BEIRUT (Reuters) - Several hundred people protested in Beirut on Sunday over the state of Lebanon’s economy and politics with some demonstrators briefly blocking several main roads in the capital.
The majority of the protesters gathered near the government headquarters where some wore yellow vests echoing France’s “yellow vest” protests of recent weeks. Demands included free medical care, lower food prices and tax cuts.
Some later spilled into streets around Beirut, with trash cans set ablaze on one main road where a scuffle occurred between demonstrators and soldiers seeking to open the way, the Lebanese National News Agency reported.
An army statement called for “peaceful protest and not attacking public and private property”.
Lebanon’s politicians have yet to agree on a new national unity government more than seven months since the country held a general election. [nL8N1YR0IJ]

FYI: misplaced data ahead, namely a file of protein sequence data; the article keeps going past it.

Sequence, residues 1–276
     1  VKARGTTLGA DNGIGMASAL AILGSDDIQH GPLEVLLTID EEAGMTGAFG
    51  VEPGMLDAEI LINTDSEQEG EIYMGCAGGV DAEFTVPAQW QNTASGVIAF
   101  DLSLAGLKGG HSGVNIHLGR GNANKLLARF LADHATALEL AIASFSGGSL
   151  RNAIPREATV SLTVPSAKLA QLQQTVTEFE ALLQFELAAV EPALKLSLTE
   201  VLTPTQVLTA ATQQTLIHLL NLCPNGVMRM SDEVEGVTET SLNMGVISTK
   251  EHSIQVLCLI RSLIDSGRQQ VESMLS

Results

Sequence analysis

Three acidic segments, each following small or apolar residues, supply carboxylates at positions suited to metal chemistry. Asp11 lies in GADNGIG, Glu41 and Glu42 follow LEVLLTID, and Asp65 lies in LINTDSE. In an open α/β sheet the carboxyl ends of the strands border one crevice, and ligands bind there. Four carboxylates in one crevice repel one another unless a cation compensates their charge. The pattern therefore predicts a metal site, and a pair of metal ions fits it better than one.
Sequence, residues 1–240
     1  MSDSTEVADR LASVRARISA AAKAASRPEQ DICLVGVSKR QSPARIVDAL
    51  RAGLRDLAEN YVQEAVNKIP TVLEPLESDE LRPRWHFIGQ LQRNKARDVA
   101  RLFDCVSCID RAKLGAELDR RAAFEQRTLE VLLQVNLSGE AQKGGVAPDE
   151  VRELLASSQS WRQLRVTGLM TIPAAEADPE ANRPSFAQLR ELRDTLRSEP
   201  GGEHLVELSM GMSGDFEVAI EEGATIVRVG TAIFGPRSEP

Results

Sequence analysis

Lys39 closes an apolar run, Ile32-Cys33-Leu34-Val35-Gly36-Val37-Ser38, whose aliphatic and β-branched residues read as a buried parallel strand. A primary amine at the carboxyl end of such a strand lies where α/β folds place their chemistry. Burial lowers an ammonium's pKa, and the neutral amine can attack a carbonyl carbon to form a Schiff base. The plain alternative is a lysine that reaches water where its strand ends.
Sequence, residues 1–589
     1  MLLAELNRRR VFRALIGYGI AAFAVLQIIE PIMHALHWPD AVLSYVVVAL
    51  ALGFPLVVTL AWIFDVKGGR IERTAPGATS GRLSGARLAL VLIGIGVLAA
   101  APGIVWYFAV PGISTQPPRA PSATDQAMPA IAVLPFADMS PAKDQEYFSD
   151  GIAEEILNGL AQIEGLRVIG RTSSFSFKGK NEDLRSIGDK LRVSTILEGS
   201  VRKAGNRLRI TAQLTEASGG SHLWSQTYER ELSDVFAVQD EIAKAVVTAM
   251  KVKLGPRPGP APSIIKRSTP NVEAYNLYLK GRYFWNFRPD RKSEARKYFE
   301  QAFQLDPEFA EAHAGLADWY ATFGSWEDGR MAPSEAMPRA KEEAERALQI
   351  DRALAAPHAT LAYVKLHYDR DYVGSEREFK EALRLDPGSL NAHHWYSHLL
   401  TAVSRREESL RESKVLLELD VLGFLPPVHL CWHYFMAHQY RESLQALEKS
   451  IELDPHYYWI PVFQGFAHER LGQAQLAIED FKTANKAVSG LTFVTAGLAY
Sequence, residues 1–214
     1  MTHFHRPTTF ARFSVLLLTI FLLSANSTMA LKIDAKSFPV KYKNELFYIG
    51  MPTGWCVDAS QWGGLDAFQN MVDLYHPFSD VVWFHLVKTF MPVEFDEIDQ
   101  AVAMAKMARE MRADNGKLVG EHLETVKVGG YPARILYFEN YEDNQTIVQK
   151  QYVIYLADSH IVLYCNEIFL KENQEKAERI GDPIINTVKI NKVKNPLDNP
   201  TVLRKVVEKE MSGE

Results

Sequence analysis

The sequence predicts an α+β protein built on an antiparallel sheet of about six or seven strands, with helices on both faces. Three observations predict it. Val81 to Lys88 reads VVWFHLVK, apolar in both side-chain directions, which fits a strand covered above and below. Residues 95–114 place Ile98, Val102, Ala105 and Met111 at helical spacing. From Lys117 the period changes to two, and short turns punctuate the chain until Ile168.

Prime Minister-designate Saad al-Hariri said on Friday he had hoped to finalise a government agreement later that day. But senior politicians said on Saturday new snags had emerged that had held up the process.
Lebanon, heavily indebted and suffering from low economic growth, is in dire need of an administration to enact long-stalled reforms and put public debt on a sustainable footing.
The World Bank says the latest available official poverty rate shows that nearly one third of Lebanese are poor.
Reporting by Reuters TV/Laila Bassam; Writing by Tom Perry. Editing by Jane Merriman